FIG Peer Review Journal

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Leasing of Farmland and Land Consolidation (10249)

Per Kåre Sky and Helén Elisabeth Elvestad (Norway)
Dr, Per Kåre Sky
Professor
Norwegian university of life sciences
Department of property and law
Aas
Norway
 
Corresponding author Dr, Per Kåre Sky (email: per.sky[at]nmbu.no, tel.: +4741744508)
 

[ abstract ] [ paper ] [ handouts ]

Published on the web n/a
Received 2019-10-05 / Accepted n/a
This paper is one of selection of papers published for the FIG Working Week 2020 in Amsterdam, the Netherlands and has undergone the FIG Peer Review Process.

FIG Working Week 2020
ISBN 978-87-92853-93-6 ISSN 2307-4086
URL n/a

Abstract

Leasing of farmland is increasing in Norway and is involving approximately 45 percent of the agricultural area in use. Active farmers are in need for more land, because of technological and market forces tend to push a development towards fewer, bigger, and more efficient farms. This is not unique for Norway. It is global phenomenon. To get access to more land farmers lease land, but it is casual whom they lease from. That often causes fragmentation of leased farmland, with the consequence that the operating costs increases. The Land Consolidation Act has measures that to some extent can solve this situation. The land consolidation court should consider leasing arrangements in the land consolidation area. If land consolidation affects a lessee or any other person with similar rights, the land consolidation court shall resolve the relationship between him and the owner if necessary. Until now, the measures in The Land Consolidation Act have not been used to great extent. There are at least three main possibilities to use land consolidation: One; the land consolidation court may allocate the leased farmland closer to the active farmers’ operational farm centre. Two; allocate leased farmland at a central position in the land consolidation area so that many farmers will want to lease. Three; modify the properties so that the lessee got farmland as exchange for forest or outfield areas. These three fundamentally different ways of solving the problems are analysed and practical examples are shown.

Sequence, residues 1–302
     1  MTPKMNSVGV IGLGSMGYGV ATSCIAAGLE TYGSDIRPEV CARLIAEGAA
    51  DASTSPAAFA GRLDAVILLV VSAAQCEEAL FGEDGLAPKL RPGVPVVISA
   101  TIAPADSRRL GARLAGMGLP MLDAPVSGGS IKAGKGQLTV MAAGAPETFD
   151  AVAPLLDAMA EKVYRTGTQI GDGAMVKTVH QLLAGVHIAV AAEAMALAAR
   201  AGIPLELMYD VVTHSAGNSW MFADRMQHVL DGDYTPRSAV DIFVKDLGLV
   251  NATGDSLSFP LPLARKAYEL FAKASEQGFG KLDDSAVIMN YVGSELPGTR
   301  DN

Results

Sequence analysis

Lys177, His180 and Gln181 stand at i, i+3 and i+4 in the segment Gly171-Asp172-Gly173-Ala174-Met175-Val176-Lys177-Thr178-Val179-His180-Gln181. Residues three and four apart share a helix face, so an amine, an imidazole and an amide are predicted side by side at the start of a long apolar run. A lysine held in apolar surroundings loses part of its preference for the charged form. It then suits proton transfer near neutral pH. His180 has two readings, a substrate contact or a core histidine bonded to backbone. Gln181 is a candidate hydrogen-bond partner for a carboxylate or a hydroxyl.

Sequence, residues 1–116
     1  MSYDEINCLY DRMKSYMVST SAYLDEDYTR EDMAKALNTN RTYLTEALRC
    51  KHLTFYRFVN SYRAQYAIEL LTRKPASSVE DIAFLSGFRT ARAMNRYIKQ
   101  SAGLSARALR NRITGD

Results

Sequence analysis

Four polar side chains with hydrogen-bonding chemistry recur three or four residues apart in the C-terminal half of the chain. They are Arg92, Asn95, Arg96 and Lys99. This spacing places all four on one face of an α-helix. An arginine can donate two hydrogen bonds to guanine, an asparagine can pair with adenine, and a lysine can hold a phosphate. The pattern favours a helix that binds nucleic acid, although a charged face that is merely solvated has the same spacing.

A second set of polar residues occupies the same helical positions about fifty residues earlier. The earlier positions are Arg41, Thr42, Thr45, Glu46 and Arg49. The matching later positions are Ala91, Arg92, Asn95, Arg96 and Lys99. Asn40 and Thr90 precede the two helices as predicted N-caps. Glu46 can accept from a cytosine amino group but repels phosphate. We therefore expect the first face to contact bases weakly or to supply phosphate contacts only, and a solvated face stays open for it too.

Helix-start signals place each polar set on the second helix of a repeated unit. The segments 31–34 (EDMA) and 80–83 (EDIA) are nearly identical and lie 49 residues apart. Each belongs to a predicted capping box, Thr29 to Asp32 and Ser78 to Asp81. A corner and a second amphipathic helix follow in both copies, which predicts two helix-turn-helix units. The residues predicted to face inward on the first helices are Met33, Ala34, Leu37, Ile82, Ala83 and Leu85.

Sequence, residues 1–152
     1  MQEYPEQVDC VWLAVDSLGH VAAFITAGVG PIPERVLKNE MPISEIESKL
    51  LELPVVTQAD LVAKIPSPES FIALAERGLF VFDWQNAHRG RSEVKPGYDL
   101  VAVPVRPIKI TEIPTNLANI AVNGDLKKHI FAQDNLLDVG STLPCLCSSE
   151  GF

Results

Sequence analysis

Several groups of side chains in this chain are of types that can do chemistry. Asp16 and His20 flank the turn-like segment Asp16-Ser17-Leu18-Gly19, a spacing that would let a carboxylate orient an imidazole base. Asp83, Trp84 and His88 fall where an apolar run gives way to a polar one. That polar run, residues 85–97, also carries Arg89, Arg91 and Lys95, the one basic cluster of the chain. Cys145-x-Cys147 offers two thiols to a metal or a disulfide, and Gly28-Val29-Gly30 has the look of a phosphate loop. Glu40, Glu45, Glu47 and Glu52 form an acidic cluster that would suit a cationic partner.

Keywords: Land management; Legislation; Land consolidation; Fragmentation; Leasing; Farmland; Land Bank

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